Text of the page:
In a previous post I suggested a new (?) interpretation for pattern variables in case branches. This post is my way to understand matters more.

Let's start with the basic example

data Temp :: * whereKelvin :: Float -> Temp

Then Kelvin 273.2 is about the temperature at which water freezes (or dually, thaws). Okay, let's demonstrate my point by this code:

diff :: Temp -> Temp -> Booldiff (Kelvin a) (Kelvin b) = a == btest t = case t of { Kelvin a -> diff t (Kelvin a) }

What do you expect the function test is? Yes, the const True one! The explanation is simple, as we are in a referentially transparent context, destructuring a value by pattern matching and reconstructing it the same way from its parts creates a value undistinguishable from the original. This of course means that diff will not be able to detect a difference.

Let's switch to a different interpretation. Some oracle invokes the case branch and says: I am not allowed to tell you what it is but here is a Float named a and you can assume that Kelvin a is indistinguishable from t!

Look ma, no 'pattern matching' or 'destructuring' needed!

a may contain 3.14 or 3.15 or 100.1 or ..., ad infinitum, we simply do not know. But we know that it names a Float! It

*exists*as a Float. Mathematically the case branch can be written as∃a:Float (t ≡ Kelvin a) . diff t (Kelvin a)

which is the english phrase "compute diff t (Kelvin a) under the assumption that there is a Float-valued number that when passed to the function Kelvin becomes undistinguishable from the case scrutinee".

After seeing the same thing in three languages we have to reformulate it one more time. Into logic, that is the language of

*type theory*. Types are propositions and any value one type inhabit proves the corresponding proposition. The existential quantifier (∃) above gets mapped to a*dependent sum*that is the input to the computationt : Temp ⊦ 〈a : Float, proof : SomeProp(t, a)〉. diff t (Kelvin a)

I took this formulation (and other wisdom) from Appendix A of Steve Awodey's recent paper. This part unfortunately is not my strongest side. My best guess is that SomeProp(t, a) is a type that encodes the

*same*ness fact, and depends on a. Moreover, proof is an inhabitant of that type. The 〈a : Float, proof : SomeProp(t, a)〉 construct binds two existential variables. The I hope to come up with a nicer formulation sometime. (*Please comment if I got something wrong, thanks!*)After understanding this, we can advance to more involved issues, namely one level higher. Take a look at this gorgeous definition:

data Ex :: * whereHide :: a -> Ex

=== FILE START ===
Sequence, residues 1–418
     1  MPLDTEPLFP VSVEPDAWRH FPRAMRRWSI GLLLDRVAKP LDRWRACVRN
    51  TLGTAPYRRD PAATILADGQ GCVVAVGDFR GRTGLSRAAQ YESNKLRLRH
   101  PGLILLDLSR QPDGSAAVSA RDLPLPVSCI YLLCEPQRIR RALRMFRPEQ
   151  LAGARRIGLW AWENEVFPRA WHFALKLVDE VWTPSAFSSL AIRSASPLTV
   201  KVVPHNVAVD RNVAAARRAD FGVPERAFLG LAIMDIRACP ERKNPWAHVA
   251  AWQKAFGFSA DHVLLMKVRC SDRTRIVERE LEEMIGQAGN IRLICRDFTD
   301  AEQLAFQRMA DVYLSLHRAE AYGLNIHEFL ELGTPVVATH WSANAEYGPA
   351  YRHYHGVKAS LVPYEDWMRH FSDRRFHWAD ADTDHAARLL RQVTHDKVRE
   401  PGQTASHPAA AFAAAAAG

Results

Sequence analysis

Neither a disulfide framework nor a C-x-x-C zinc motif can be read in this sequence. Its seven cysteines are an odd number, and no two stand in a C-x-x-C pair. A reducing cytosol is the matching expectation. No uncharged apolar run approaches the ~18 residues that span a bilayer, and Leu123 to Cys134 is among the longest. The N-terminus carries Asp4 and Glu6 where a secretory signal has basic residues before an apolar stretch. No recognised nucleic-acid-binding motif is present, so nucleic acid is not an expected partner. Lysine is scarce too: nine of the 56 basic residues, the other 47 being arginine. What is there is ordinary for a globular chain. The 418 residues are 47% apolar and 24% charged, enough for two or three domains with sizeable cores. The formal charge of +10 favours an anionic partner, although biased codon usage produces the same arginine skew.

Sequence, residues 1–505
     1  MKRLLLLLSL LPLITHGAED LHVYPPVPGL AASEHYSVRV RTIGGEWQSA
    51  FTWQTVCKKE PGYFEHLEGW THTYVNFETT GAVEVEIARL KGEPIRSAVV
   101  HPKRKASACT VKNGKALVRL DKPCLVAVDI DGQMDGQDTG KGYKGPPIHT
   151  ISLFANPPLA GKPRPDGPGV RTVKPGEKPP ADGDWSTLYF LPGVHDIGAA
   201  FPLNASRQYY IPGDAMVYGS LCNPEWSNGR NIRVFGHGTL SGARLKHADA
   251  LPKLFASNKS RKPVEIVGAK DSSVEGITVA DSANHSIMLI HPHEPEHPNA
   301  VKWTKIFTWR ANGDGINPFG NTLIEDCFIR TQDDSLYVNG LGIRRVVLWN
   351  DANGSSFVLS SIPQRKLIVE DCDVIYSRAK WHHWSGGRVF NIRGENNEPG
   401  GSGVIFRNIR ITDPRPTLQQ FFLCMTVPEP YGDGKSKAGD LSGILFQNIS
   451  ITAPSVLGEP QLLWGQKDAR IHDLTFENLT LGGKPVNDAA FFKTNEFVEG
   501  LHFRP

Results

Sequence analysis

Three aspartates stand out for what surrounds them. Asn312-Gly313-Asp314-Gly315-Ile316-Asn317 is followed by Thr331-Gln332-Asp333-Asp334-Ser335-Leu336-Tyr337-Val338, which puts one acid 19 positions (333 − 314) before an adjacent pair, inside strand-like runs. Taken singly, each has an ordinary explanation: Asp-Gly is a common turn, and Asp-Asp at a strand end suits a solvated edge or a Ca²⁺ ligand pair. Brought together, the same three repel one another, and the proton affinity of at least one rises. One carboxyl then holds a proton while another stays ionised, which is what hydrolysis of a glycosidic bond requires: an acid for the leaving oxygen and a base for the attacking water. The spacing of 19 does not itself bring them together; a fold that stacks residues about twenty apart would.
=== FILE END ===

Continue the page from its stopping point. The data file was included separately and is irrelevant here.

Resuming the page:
This is a pretty useless data type but should be sufficient for my purposes. Then we need a function that pattern matches on it:

f :: Ex -> Boolf e = case e of { Hide it -> True }

We see that pattern matching unhides the hidden value. It is said that it receives an existential type in the case branch where it is bound. But you will see no type annotation on it, ever.

So, what happens in the case branch this time? While the type of it might have been known at the moment of construction, at this point the type system does not know it. So it is assumed to have some type t. After giving our unknown a name (thus qualifying it existentially) we can ponder about the value of it. This is something we have explored above already, so we can reformulate the case branch mathematically like follows:

∃a:* (true) . ∃it:a (e ≡ Hide it) . True

The first qualifier has just a trivial condition attached to it, I believe I could also have omitted it. I am on pretty thin ice at this point so I'll refrain from giving a type-theoretic transcription, but you can imagine that there will be two dependent sum binders where the first enters in the second in the

*classifier position*.One more closing thought on the oracles involved. They sound mysterious but they aren't at all. For example in Ωmega the oracle for values it the reduction machinery for runtime values. It is obvious how this machinery is able to look into closures and deconstruct instances of polynomial datatypes. On the type (also kind and up) level, however Ωmega resorts to narrowing, an evaluation mechanism usually employed in logic programming. In the typing rules these mechanisms do not have a place, thus how the variables get bound remains elusive to those.